The resources below provide information and methods for exploring image history, processes, content, and meaning. Information about searching and using the Prints and Photographs
Division collections can be found in the general documents: "Information for Researchers" and "Top Tips for Successful Research in the Prints & Photographs Division."
Identifying and Interpreting Images
- Every Photo is a Story - A five part video series in which reference librarian Kristi Finefield and architecture and landscape historian Sam Watters lay out ways to uncover the story in a photograph, using examples from Frances Benjamin Johnston garden and architecture photographs. "Try It Yourself" exercises accompany each part, giving viewers a chance to apply skills learned during the video.
- Visual Literacy Exercise (PDF document / 165 kb /) - A method for looking systematically at an image and determining what you see, what knowledge you bring to what you see, and what you would like to investigate further.
- "Reading and Researching Photographs" by Helena Zinkham. In Archival Outlook (Jan./Feb. 2007): 6-7, 28. Available online [pdf]
- Solving a Civil War Photograph Mystery - Describes clues and resources used to identify a Civil War Photograph reputed to be of Ulysses S. Grant.
- What Do You See? (via Library of Congress Teachers site) - Asks questions about sections of a Civil War photograph and, on a second page, supplies the answers.
- Looking at Pictures: An Invitation to the Prints and Photographs Collections at the Library of Congress - Webcast that provides an overview of Library of Congress Prints and Photographs Division holdings and tips for exploring the collections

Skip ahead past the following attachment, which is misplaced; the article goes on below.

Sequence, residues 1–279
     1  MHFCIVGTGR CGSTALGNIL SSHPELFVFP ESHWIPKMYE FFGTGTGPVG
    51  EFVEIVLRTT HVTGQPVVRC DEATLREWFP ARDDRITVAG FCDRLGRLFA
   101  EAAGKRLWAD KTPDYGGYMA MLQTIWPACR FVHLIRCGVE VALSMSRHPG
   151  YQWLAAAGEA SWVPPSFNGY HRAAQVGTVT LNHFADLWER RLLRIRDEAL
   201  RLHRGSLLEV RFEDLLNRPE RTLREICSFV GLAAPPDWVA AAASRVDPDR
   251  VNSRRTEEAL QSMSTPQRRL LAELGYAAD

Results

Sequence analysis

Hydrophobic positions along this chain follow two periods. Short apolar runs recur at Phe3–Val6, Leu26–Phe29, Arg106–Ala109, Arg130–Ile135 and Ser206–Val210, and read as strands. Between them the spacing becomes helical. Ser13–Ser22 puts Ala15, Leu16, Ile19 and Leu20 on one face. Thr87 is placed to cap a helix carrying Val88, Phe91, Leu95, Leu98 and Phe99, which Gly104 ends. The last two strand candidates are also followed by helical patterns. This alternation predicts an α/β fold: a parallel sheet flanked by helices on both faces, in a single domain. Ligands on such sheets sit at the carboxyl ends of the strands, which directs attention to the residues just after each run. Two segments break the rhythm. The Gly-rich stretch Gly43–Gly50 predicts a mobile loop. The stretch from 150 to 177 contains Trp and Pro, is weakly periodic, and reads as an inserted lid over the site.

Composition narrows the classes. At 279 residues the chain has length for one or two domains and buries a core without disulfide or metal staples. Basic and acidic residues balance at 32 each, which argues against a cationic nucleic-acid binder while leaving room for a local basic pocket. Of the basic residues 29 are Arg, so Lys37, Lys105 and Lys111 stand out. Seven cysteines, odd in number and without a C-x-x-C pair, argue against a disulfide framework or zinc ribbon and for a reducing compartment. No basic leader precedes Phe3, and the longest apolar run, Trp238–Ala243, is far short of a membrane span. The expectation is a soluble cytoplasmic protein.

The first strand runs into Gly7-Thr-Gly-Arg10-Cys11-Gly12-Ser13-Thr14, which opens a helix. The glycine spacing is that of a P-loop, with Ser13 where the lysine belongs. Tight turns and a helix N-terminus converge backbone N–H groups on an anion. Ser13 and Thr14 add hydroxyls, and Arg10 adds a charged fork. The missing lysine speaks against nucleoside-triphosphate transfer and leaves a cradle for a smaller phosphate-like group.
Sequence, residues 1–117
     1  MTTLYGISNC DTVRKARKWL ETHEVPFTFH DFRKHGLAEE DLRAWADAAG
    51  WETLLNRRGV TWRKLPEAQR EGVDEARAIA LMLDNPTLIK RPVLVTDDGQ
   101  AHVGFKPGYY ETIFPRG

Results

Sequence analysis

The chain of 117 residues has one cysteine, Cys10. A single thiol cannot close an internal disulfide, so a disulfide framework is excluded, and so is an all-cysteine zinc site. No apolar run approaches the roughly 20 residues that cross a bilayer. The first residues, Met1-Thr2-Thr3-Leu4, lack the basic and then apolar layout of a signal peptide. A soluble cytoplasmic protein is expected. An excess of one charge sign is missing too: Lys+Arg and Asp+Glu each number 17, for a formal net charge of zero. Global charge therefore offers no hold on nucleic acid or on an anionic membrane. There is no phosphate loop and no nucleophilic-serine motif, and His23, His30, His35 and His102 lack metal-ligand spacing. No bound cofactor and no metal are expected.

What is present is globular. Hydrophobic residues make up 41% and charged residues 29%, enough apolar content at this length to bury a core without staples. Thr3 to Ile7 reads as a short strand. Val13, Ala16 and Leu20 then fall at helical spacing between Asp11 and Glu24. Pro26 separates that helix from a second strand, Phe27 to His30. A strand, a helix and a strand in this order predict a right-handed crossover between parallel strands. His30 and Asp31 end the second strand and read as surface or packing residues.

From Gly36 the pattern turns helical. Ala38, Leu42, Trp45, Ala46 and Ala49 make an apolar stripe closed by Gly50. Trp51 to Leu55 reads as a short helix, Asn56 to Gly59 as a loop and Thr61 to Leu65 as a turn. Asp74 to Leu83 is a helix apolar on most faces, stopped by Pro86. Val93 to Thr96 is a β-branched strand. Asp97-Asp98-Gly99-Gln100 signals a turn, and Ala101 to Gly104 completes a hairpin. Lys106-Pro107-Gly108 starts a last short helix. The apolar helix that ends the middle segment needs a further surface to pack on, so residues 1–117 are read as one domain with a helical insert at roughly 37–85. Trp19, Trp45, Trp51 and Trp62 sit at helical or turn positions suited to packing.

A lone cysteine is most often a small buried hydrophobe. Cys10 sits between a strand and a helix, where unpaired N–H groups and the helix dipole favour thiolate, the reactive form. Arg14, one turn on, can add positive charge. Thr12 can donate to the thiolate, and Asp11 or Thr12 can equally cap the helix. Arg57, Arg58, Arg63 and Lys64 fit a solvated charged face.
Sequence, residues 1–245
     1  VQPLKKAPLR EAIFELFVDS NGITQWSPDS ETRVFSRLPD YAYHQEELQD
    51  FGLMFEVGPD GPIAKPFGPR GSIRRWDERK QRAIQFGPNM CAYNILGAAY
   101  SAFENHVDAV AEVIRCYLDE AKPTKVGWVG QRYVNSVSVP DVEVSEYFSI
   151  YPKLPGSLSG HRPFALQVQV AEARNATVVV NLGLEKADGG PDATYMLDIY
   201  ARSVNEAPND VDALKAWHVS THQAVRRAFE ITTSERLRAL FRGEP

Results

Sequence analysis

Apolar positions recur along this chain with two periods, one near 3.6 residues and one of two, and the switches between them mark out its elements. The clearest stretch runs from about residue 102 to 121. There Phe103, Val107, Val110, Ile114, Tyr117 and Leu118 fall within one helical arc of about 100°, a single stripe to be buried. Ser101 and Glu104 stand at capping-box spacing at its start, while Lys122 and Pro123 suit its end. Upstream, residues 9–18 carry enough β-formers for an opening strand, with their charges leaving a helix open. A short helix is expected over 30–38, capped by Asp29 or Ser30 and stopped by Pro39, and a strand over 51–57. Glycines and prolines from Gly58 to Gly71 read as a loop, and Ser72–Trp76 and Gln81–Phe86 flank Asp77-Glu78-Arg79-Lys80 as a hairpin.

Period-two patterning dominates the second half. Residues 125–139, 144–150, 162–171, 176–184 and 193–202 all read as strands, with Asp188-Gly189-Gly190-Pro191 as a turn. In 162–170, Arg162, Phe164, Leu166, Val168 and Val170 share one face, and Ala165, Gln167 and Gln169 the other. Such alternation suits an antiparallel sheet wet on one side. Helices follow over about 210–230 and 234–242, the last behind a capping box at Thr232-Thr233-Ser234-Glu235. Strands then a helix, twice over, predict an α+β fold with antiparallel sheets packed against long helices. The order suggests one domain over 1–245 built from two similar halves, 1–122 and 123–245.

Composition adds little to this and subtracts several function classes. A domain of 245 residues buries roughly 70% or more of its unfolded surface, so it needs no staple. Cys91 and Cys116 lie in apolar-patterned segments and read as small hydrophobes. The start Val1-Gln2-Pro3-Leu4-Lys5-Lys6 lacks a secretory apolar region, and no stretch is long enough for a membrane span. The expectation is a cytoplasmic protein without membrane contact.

- Popular Photographic Print Processes Represented in the Prints and Photographs Division - Provides brief descriptions and chronology of processes popularly used to make photographic prints since the beginning of photography.
- Dating Photographs:
- The Costume Detective:
How to Date Old Photographs by the Costume - Provides information on fashion trends of various eras that can be used to help date photographs, as well as examples showing how fashion details visible in a photograph can be used to narrow down the date of the image.
- Family Chronicle: Dating Old Photographs (via the Wayback Machine) - Provides dated photographs (including several from Prints & Photographs Division Collections), of people 1840s-1900s, as a tool to match clothing styles and styles of portraiture for purposes of dating undated photographs. (NOTE: Family Chronicle Magazine stopped publishing in 2015 and changed its name to Your Genealogy Today. The web page no longer seems to exist but is being offered from a 2013 capture by the Internet Archive.)
- "How to Date Family Photographs," National Archives Blog, April 2, 2020. - Offers tips and techniques, resources, and viewer comments.
Staff member researching stereograph photos in the Prints & Photographs Reading Room. Photograph by Cyndi A. Wood, 2008.
Researching Specific Prints and Photographs Division Collections
Resources for Learning More About Researching Images
From the American Social History Project / Center for Media and Learning, Graduate Center, CUNY and the Center for History and New Media (George Mason University):
- Making Sense of Evidence - Provides strategies for analyzing online primary materials, with interactive exercises and a guide to traditional and online sources. “Scholars in Action” segments show how scholars puzzle out the meaning of different kinds of primary sources, allowing you to try to make sense of a document yourself. Includes segments on photographs and political cartoons.
- Picturing U.S. History: An Interactive Resource for Teaching with Visual Evidence - Provides online "Lessons in Looking," a guide to Web resources, forums, essays, reviews, and classroom activities to help teachers incorporate visual evidence into their classrooms.
Prepared by: Prints & Photographs Division staff. Last revised: Nov. 2021.